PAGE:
All these honourable committee members have an adverse record when it comes to supporting farmers' cause. They have made numerous media representations favouring anti-farmer laws. A committee member, Anil Ghanawat, identifying himself as a farmer leader, is a lickspittle of Modi, and a strong supporter of anti-farmer laws. Bhupinder Singh Mann, another member of the committee, is an ex-Rajya Sabha (State Council) MP from Punjab and national president of Bhartiya Kisan Union (BKU, the Indian Farmers' Union). The BKU started as a radical consortium of farmers’ groups in the early ‘80s, where they were involved in staging the famous Meerut siege and Delhi Boat Club farmers’ rally. However, Mann is in favour of Modi’s reforms, and supports marketisation of India's agriculture. The most recent news is that Mann recused himself from the committee to avoid embarrassment by other farmers’ organisations.
The other members include Dr Ashok Gulati, an agronomist; and Dr Pramod Kumar Joshi, an agri-scientist. Both are strong supporters of Modi's agricultural bills and justify the corporatisation of India's agriculture through spraying the intellectual garbage that they have accumulated over many years of working in academia and research. This is not a new phenomenon. India's agricultural commissions and research institutes are subservient to international corporations and imperialists. The supreme court has no qualms in selecting these 'intellectuals' for the committee. Gulati is a proud 'Infosys chair professor' for agriculture at the Indian Council for Research on International Economic Relations (ICRIER). His work title is sufficient evidence of his subservience to the corporations, and demonstrates capitalist infiltration into India's 'non-for-profit' policy research institutes. A former executive of GE capital currently heads ICRIER. The organisation is funded by imperialists, international banks, and global capitalist conglomerates – this is the reality of ‘independent’ advisory bodies and ‘non-for-profit’ organisations under capitalism. ICRIER’s primary purpose is to equip right-wing governments and political leaders to wage an unabated attack on Indian farmers and workers through producing research reports and policy papers.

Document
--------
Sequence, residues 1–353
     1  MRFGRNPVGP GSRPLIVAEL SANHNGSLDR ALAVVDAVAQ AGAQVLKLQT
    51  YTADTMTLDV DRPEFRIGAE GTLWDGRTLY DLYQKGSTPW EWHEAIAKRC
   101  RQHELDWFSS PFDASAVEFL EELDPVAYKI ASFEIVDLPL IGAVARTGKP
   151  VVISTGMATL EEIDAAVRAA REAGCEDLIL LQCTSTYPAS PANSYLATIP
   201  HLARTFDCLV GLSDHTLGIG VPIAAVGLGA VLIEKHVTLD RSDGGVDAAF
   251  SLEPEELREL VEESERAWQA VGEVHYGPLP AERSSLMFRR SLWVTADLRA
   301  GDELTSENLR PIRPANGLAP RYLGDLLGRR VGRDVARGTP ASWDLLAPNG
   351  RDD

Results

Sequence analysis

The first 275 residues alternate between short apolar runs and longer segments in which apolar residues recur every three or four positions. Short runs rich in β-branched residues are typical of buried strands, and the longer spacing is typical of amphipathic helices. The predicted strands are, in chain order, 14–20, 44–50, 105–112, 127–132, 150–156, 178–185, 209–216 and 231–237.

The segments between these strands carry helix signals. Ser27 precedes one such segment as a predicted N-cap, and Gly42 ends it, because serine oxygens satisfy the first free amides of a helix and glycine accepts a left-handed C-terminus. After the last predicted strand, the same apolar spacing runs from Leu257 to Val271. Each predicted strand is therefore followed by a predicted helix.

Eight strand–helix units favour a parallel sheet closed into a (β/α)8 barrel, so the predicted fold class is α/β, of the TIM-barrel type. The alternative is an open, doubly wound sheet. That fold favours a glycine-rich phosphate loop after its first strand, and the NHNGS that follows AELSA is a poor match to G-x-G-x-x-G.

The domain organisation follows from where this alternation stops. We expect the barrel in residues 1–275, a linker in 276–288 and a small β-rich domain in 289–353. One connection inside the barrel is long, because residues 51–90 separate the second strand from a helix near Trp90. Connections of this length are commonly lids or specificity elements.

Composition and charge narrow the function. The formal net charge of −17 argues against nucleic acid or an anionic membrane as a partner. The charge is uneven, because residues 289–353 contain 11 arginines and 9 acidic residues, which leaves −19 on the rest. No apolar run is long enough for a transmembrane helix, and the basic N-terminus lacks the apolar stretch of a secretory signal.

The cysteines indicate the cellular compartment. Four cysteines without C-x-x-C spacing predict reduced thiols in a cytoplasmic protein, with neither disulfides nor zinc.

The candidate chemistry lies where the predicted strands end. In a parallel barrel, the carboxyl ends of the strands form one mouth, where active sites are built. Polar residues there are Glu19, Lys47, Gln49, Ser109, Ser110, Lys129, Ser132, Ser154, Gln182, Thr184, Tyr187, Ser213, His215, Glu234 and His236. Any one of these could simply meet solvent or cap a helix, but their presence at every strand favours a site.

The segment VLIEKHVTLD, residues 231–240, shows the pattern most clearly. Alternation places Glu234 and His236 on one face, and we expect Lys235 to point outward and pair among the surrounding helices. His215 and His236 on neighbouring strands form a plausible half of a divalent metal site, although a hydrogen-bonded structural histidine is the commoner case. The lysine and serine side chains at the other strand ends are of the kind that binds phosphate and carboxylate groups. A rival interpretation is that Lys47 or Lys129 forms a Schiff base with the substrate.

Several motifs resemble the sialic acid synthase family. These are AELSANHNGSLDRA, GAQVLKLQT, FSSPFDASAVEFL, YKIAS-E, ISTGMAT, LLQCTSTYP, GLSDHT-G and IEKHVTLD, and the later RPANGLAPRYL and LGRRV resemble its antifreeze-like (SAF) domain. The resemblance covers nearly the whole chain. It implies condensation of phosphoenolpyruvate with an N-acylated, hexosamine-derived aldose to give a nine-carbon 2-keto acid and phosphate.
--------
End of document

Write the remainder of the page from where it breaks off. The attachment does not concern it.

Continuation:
Modi wants to diffuse the farmers' movement using mechanisms like the supreme court. At the same time, mainstream media channels are singing lullabies about the sanctity of the Indian judiciary and asking farmers and their leadership to listen to the supreme court. Judges want the farmers to end their protest and go home, basically saying that “farmers should lay their trust in the judiciary because the judges are competent enough to look into these laws, politicians are not. Until we (the supreme court) resolve the matter, farmers should end their sit-ins and go home”. This is precisely what Modi and his BJP MPs want. They want farmers to end their protests, their impending tractor march and disruption of the National Republic Day on 26 March. The tractor march is being mobilised by the grassroots farmers’ organisations and unions in Punjab, Haryana and other states. They are holding tractor rallies in different towns and villages and gathering support for marching towards Delhi. Meanwhile, the media is continuously spreading hatred and branding marchers as Pakistani and Chinese agents, anti-India thugs and Khalistan miscreants. The reality is that the Pakistani and Chinese governments are sitting on dynamite of mass anger and discontent due to the worsening economic conditions of their own people. These states fear that the farmers’ movement will spread across their borders, and will ignite their masses into uncontrollable revolutionary movements: threatening their regime and system. Therefore, portraying India’s farmers' movement in narrow nationalist and sectarian terms, and branding it as rouge, favours both the Pakistani and Chinese ruling classes.